Kim Jiyoung, the exceptionally average protagonist of Cho Nam-Joo’s novel, is 33, living on the outskirts of Seoul with her husband and infant daughter. She is exhausted by the monotony of cooking, cleaning and child-rearing, and vaguely resentful that she gave up her job at a marketing agency.
There’s nothing especially dramatic about her story, which is precisely Cho’s point. Cho’s clinical prose is bolstered with figures and footnotes to illustrate how ordinary Jiyoung’s experience is. “In 2014, around the time Kim Jiyoung left the company, one in five married women in Korea quit their job because of marriage, pregnancy, childbirth and child care, or the education of young children,” she writes, adding exact percentages of working women by age group, with a footnote from a 2015 study published in South Korea’s Health and Social Welfare Review.
Even though her book, Kim Jiyoung, Born 1982, is fiction, Cho grounded it in statistics so that its message wouldn’t be dismissed as a made-up account of one woman’s experience, she said.
“I wanted to write about issues that women could not speak about before, because they were taken for granted,” Cho said during a Skype interview from her home in Seoul. “I wanted to make this into a public debate.”
Her strategy worked. When Kim Jiyoung, Born 1982 was published in Korea in 2016, it was received as a cultural call to arms. Celebrated and criticised in almost equal measure, the novel ignited a nationwide conversation about gender inequality. K-pop stars praised it, delivering a major publicity boost. In 2017, a member of South Korea’s National Assembly bought copies of the book for the entire legislative body. A politician with the left-wing Justice Party gave a copy to President Moon Jae-in with a note imploring him to look after women like Kim Jiyoung. When Seoul passed a new budget with additional money for child care, the city’s mayor promised that there would be “no more sorrow for Kim Jiyoung”.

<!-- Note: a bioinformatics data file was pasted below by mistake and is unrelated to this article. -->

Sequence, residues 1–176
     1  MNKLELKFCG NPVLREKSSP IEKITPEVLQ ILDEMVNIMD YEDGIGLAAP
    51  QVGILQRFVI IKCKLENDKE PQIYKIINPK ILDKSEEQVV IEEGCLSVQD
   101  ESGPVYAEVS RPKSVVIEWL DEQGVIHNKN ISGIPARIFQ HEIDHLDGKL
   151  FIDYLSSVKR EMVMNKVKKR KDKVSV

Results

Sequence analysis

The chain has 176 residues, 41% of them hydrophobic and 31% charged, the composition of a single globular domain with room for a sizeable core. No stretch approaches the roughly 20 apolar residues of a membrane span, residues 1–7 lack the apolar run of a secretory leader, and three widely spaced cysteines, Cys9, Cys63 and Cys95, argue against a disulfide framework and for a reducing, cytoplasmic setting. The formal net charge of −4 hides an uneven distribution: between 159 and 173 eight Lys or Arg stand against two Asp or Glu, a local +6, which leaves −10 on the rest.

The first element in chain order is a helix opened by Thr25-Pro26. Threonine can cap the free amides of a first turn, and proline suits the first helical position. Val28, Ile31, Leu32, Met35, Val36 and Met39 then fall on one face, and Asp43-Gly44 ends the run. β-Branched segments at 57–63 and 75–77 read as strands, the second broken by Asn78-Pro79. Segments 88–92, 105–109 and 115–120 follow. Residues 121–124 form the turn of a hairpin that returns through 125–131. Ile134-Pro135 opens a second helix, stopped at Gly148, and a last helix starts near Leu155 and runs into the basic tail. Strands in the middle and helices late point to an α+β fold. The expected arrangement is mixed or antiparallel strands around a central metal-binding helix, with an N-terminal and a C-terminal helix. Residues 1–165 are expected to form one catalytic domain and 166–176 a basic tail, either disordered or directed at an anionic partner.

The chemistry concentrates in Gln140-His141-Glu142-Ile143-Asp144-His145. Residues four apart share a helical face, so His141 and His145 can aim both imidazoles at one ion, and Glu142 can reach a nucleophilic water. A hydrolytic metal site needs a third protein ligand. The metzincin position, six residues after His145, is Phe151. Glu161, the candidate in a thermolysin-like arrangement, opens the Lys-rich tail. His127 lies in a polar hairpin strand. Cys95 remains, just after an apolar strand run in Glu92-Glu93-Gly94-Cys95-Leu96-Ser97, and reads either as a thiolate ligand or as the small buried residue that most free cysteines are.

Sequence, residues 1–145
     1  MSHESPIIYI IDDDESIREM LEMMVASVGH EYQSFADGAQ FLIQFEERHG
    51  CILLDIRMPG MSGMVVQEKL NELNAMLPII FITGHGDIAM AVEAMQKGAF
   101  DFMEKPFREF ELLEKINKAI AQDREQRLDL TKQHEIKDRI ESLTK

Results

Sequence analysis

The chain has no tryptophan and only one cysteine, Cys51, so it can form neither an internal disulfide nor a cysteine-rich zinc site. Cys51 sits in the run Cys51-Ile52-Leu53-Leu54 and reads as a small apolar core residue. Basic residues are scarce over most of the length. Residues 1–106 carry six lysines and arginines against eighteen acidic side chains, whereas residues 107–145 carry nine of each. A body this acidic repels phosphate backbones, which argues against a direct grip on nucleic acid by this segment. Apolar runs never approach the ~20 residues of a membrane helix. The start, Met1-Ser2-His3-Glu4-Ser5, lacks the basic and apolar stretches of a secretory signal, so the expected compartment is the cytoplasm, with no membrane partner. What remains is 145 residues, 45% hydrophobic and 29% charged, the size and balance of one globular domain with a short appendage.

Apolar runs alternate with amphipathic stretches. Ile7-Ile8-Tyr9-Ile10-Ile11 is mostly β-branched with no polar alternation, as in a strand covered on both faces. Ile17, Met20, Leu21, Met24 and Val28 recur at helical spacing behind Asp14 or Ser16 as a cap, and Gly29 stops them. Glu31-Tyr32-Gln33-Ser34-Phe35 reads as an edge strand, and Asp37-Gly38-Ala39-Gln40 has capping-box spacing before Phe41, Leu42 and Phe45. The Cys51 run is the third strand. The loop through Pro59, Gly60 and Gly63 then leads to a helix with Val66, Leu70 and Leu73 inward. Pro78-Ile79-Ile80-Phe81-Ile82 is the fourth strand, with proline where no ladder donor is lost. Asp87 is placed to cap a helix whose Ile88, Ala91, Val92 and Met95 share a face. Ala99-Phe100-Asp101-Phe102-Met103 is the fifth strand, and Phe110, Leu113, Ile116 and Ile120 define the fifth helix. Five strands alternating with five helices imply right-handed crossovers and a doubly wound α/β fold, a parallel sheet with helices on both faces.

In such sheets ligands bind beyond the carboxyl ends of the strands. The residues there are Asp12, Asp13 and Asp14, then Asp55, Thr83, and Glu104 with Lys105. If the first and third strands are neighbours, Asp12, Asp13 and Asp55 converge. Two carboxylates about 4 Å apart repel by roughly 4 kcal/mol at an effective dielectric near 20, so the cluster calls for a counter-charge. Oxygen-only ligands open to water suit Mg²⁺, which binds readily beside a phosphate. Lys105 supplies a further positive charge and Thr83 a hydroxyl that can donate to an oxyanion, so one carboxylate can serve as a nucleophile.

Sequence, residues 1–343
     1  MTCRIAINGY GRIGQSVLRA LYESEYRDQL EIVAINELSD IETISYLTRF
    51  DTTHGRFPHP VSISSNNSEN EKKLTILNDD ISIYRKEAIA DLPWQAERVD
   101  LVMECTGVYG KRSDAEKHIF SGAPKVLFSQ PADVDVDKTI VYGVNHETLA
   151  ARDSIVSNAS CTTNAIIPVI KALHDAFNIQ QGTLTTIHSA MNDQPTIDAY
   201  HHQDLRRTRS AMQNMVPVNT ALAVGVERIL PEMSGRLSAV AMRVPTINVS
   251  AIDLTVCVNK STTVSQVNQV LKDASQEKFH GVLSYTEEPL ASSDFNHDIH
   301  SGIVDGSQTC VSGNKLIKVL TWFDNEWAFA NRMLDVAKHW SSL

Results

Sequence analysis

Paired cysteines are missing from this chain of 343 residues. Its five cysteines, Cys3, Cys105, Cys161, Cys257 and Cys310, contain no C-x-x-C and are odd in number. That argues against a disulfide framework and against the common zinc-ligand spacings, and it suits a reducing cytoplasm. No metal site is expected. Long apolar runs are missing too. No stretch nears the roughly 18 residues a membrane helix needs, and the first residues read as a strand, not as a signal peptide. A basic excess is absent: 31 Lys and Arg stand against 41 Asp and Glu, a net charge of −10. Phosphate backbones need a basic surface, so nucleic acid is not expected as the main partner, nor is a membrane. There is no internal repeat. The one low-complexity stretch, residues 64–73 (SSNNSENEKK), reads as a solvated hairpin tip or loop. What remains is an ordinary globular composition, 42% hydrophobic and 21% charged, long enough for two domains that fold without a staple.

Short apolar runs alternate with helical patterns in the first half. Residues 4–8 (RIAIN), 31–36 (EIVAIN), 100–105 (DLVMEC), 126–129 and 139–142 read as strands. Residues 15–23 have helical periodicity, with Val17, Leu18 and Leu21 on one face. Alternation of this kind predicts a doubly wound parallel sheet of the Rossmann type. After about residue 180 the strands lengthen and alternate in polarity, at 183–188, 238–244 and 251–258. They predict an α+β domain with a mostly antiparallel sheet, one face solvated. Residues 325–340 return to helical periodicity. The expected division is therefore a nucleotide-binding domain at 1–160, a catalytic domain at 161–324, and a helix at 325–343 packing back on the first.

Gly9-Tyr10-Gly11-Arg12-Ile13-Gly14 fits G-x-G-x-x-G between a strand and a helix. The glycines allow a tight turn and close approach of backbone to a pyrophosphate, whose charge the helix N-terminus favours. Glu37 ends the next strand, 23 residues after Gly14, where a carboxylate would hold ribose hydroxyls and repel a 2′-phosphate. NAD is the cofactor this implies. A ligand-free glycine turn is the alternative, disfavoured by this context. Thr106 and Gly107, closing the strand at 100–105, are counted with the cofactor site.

Like Bong Joon Ho’s Academy Award-winning film Parasite, which unleashed a debate about class disparities in South Korea, Cho’s novel was treated as a social treatise as much as a work of art. It sold more 1.3 million copies in the country and was adapted into a feature film.
Cho, a former television writer, is one of several female Korean novelists whose work is resonating at home and abroad. Some of Korea’s biggest and most celebrated literary exports in recent years have a feminist bent. Han Kang’s The Vegetarian, about a frustrated housewife who starves herself and believes she is turning into a tree, became a global bestseller and won the Man Booker International Prize in 2016. Kyung-sook Shin’s novel Please Look After Mom, about a woman who sacrifices everything for her family then goes missing, won the Man Asian Literary Prize in 2012 and sold more than 1 million copies in Korea.
The new, often subversive novels by Korean women, which have intersected with the rise of the #MeToo movement, are driving discussions beyond the literary world.
Cho wrote Kim Jiyoung in 2015, finishing a draft in just a few months. At the time, misogynistic trolls were becoming a greater presence online.
“I wanted to write about the everyday and common but nonetheless undeserved experience of women around me, about the despair, exhaustion and fear that we feel for no reason other than that we’re women,” Cho said. ‘”I also wanted this story to not just be a work of fiction, but a very likely true-to-life biography of someone out there.”
Like her heroine, Cho experienced pervasive sexism throughout her life, she said. Born in Seoul in 1978, she studied sociology, then spent nearly a decade writing for current events TV programs. She quit to raise her child but found it difficult to restart her career — a biographical detail that informed her novel.
She began gathering articles and sociological data and decided to write a fictional biography of an average Korean woman, following her from birth to the present. In Kim Jiyoung, small disappointments and minor outrages trail Jiyoung for her entire life.
Along with praise, the novel generated a backlash among men who opposed Cho’s feminist message. But Cho never expected it to drive such extreme reactions. And now that it has become a blockbuster, she has been gratified by the responses from readers who saw their experiences reflected in Kim Jiyoung’s story.
“My novel made people speak out,” she said. “The novel became more complete thanks to the readers themselves.”
Kim Jiyoung, Born 1982 is published by Scribner at $27.99.
The New York Times